Unless you're the guy, in which case you get a slice of herself's cake.
Which is okay... if you like sharing cake.
I don't like sharing cake.
Happily, they've invented a new tradition in the US (or at least, new to me), of the groomscake - aka, the "feckoffI'mnotsharing" cake
So on cakeday, we had two cakes:
On the left, the traditional multilayered and decorated wedding cake (with a chocolate fudge cake hidden inside, because Herself Indoors isn't completely without taste ), and on the right, my cake. Note the relative lack of decoration, the buttercream icing, and of course, it's a big chunk of cake. This is a man's cake, ladies and gentlemen, stand clear. Hiding inside the buttercream is a layered mix of chocolate fudge cake and red velvet cake, but the red velvet was the star of this particular cake.
For those who don't know it - and more especially for those who think it's maderia cake with red food colouring - red velvet cake is one of the earliest chocolate cake recipes. It's a traditional recipe for cakes from the South in the US, where the tradition of the groomscake comes from as well. They don't do many cakes well there, but the few they do seem to be made primarily of awesome. You've probably seen red velvet cupcakes around the place of late; they've become kindof popular. Unfortunately, about half of those I've eaten have been basic sponge or maderia cake with artifical colouring and taste about as much like red velvet cake as a baked armadillo. The original red velvet cake didn't use artificial colouring at all; that cropped up during the Great Depression in the US; originally, it was just the colour of the cocoa powder reacting with the vinegar that gave a slightly red-brick hue to the cake; but these days it's added in anyway, just because it's fun. People have even been known to add in other food colouring to make things like blue velvet cake. These people are BAD and WRONG and MUST BE STOPPED.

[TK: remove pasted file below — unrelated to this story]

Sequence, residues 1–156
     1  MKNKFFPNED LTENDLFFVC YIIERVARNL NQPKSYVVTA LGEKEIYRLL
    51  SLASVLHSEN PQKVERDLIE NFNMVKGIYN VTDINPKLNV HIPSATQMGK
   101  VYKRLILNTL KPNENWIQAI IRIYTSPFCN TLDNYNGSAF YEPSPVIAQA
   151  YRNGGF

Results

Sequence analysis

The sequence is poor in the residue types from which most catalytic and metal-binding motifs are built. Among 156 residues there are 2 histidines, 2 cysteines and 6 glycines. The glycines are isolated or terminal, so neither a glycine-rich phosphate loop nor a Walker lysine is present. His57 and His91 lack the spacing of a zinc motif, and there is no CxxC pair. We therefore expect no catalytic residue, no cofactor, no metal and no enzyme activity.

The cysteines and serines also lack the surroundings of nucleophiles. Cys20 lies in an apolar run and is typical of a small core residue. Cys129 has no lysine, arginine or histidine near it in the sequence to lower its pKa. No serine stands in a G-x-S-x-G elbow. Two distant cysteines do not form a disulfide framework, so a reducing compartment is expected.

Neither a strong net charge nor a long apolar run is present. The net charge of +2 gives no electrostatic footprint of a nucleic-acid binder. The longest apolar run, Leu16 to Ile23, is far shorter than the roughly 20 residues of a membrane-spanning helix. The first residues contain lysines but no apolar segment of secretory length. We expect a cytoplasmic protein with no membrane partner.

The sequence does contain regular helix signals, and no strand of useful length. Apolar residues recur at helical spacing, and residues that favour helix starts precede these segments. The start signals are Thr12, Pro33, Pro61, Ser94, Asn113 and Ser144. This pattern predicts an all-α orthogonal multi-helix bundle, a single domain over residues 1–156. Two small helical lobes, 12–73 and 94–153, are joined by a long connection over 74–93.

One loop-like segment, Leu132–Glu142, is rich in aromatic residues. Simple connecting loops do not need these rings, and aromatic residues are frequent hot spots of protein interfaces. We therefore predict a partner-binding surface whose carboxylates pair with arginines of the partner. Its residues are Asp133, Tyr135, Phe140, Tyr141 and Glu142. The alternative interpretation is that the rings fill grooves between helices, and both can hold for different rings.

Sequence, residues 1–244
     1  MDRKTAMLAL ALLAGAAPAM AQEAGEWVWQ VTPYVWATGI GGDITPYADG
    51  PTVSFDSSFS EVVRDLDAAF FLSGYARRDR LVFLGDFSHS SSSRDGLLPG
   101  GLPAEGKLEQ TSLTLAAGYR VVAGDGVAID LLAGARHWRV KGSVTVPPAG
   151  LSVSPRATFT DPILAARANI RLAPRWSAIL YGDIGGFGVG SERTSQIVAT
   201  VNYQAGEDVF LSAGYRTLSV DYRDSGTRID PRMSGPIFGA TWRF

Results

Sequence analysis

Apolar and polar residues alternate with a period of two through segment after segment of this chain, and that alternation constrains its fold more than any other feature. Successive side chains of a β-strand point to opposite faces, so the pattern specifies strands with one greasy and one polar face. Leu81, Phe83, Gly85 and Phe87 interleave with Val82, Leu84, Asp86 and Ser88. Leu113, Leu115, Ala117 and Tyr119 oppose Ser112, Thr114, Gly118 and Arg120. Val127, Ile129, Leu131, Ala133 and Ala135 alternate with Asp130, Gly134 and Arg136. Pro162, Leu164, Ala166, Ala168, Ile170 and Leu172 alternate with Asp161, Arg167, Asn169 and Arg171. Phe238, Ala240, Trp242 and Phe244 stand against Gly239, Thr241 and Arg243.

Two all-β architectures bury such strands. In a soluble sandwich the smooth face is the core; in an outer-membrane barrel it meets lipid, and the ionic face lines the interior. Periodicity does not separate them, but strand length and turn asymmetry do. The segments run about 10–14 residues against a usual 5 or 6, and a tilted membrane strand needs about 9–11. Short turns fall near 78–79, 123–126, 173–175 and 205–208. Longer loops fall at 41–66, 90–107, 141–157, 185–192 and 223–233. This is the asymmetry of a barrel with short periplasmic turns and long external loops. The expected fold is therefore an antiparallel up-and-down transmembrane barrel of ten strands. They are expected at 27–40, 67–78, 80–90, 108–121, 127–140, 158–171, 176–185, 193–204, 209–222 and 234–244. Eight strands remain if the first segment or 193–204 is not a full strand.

So, the choice seemed clear as to what to do for the club this week
The downside is that I don't have photos of the process. I know, I know, but you try cooking with a 4-month-old in the kitchen. You don't get time to do it all right, and the effort went into the recipe rather than the photos. But try it - it's a lot easier than you'd think...
First up, a parts list (and I've tried to avoid anything odd or wierd here, and I'll have you know I had to bake four cakes to get this right. Hardship, that's what I go through for you lot...):
- 155g Odlums Cream Flour
- 115g Odlums Tritamyl Flour (if you can find cake flour, use it; but I couldn't, and this is a pretty solid substitute - it has the same protein content as cake flour, if not a little less. you *can* use just all cream flour... but the cake isn't so much cake as a light bread afterwards.)
- 15g Cocoa powder (the best you can get - I like the green&blacks)
- 1 tsp Baking soda (or Bread soda, or whatever your shop calls it...)
- 1/2 tsp salt